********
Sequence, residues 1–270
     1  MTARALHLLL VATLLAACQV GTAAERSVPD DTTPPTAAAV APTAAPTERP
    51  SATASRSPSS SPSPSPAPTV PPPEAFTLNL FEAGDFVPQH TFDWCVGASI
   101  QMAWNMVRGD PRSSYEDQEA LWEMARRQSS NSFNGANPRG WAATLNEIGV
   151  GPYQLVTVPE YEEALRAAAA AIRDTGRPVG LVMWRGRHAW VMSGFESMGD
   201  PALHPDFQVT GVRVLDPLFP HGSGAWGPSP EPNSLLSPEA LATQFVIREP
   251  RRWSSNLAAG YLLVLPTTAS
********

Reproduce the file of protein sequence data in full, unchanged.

Sequence, residues 1–270
     1  MTARALHLLL VATLLAACQV GTAAERSVPD DTTPPTAAAV APTAAPTERP
    51  SATASRSPSS SPSPSPAPTV PPPEAFTLNL FEAGDFVPQH TFDWCVGASI
   101  QMAWNMVRGD PRSSYEDQEA LWEMARRQSS NSFNGANPRG WAATLNEIGV
   151  GPYQLVTVPE YEEALRAAAA AIRDTGRPVG LVMWRGRHAW VMSGFESMGD
   201  PALHPDFQVT GVRVLDPLFP HGSGAWGPSP EPNSLLSPEA LATQFVIREP
   251  RRWSSNLAAG YLLVLPTTAS